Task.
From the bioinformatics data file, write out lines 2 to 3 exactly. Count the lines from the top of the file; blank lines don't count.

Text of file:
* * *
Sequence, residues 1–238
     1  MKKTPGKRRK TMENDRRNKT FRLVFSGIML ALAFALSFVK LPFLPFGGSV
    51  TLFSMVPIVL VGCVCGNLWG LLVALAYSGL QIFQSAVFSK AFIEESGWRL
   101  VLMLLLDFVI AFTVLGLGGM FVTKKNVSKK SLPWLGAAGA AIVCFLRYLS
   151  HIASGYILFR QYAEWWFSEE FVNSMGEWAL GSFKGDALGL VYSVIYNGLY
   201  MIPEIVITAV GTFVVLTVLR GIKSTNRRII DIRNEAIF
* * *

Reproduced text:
     1  MKKTPGKRRK TMENDRRNKT FRLVFSGIML ALAFALSFVK LPFLPFGGSV
    51  TLFSMVPIVL VGCVCGNLWG LLVALAYSGL QIFQSAVFSK AFIEESGWRL